Attacks like Braver, fire and more really add a punch to the regular scrap and light up battles with vibrant colours, not to mention being extremely satisfying to pull off. You can also get a drop on your foes by pressing the attack before they see you, which is a nice touch.

Many of the foes I battled against were clearly inspired by the enemies from the original game, and it was great to traverse the mountains as before, albeit on a much grandeur scale. By far the biggest event is when Cloud and Sephiroth tackle a boss (fans will recognise it, though I won’t comment further) and you switch between both during combat in an effort to drop the beast. It’s a thrilling battle that really makes use of your full repertoire, and Sephiroth absolutely shines in his sheer combat prowess.

The iconic sequence where Nibelheim is set ablaze is recreated here with stunning visual fidelity, and packs more an emotional punch now thanks to the power of PS5. I won’t go into specific details but long-time fans will totally eat this up to say the least. That one scene you’re probably think of is here, and is recreated brilliantly.

Back in Kalm, I’m introduced to some of the new mechanics in Rebirth. One of these is your Party Level, which can be increased to strengthen your bond with your teammates by completing challenges and completing side tasks. For example, during some down time Aerith asked if Cloud fancied seeing the Clock Tower in Kalm Town, which I did, although Shinra quickly came after us and we had to skip town.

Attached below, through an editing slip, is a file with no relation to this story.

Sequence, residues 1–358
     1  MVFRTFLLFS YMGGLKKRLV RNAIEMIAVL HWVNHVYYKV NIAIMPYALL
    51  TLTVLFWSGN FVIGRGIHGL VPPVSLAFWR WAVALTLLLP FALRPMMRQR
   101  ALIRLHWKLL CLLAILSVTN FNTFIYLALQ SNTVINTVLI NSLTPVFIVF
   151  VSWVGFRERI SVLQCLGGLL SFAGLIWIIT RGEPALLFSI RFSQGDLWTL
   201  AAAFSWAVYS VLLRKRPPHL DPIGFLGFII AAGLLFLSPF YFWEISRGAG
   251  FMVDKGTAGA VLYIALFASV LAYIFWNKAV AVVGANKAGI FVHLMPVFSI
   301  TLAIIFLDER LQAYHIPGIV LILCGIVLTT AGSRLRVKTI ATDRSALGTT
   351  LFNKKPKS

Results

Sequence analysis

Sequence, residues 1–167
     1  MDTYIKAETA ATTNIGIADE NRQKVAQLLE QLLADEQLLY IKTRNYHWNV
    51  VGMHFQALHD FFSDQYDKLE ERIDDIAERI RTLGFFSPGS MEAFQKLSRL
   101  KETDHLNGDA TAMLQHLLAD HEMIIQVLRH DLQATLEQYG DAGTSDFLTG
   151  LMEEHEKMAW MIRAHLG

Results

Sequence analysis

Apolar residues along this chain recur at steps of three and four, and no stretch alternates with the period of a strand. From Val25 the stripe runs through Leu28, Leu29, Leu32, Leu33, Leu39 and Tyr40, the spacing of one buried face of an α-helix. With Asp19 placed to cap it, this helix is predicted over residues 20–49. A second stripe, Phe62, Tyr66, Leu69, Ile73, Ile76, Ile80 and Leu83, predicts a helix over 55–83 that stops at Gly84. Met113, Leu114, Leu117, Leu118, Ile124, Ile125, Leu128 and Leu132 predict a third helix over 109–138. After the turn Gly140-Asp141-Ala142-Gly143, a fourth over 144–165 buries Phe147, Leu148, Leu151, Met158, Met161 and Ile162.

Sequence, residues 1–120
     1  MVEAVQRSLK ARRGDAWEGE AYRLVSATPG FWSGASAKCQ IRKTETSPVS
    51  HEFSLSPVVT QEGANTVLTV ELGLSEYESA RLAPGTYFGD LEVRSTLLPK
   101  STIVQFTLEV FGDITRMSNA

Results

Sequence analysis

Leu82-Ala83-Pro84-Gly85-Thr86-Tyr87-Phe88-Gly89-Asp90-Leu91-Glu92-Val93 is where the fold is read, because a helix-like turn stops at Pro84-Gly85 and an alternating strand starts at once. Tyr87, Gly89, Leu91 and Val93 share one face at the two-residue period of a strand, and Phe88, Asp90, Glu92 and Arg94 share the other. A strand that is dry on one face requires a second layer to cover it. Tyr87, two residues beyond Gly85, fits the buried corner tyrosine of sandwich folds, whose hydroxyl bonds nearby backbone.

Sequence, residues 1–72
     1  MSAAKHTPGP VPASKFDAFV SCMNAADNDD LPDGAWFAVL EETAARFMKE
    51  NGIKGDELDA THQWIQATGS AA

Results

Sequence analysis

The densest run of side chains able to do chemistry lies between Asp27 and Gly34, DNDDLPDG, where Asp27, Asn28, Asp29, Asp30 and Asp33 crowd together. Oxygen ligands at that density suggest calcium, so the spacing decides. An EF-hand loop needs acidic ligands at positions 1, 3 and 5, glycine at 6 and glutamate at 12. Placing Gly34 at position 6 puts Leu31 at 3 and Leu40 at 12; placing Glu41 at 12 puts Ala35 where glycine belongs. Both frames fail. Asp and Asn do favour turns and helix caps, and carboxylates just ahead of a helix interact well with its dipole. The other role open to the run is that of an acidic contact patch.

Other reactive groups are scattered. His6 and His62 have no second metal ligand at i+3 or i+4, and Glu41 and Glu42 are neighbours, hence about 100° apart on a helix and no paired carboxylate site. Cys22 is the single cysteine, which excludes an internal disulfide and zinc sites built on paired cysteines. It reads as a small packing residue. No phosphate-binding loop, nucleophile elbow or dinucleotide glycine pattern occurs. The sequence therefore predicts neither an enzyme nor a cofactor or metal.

Clearly, the relationship with your party members is paramount in Rebirth, as Friendship Bonds are also an important role, which are shaped by the various actions you partake in during your quest. There’s also a new card game you can take part in around town, Queen’s Blood, which I will admit I was rubbish at at had no clue how to play!

Moving on, and Chapter 2 acquaints us with the open-world after Cloud’s party leaves Kalm. This area is known as the Grasslands, and allowed me to venture off at my own leisure, battling foes and seeing some of the sights, including the Chocobo Ranch.

Along the way I also get to try out the new Synergy Attacks, which complement your standard battle actions with specific teammates. For example, Cloud is able to harness Aerith’s magical proficiency to attack foes, which adds a new dimension to scraps.

The great thing about this area is that, unlike the original where you simply traversed a map screen punctuated by random battles, the world of Final Fantasy VII Rebirth is fully open to explore. It’s peppered with things to see and do, from travellers, abandoned buildings to loot, beautiful vistas to soak up, rippling waters, and more. It looks gorgeous too, and makes exploration an absolute joy.

I also had a blast humming along to the iconic soundtrack, with familiar tunes given more weight and nuance while still retaining everything that made them so memorable in the original Final Fantasy VII.

From my four or so hours with Final Fantasy VII Rebirth, it’s clear that Square Enix is crafting an ambitious sequel that looks set to include meaningful character development, a real sense of exploration, and recreate iconic sequences with the love and care they deserve. With gripping combat and gorgeous visuals, Final Fantasy VII Rebirth has everything going for it right now to become of the 2024’s standout titles.

Final Fantasy VII Rebirth is out on Feb. 29, 2024 for PS5. For more hands-on impressions of the RPG sequel, be sure to check out PSU’s Garri Bagdasarov’s own preview here.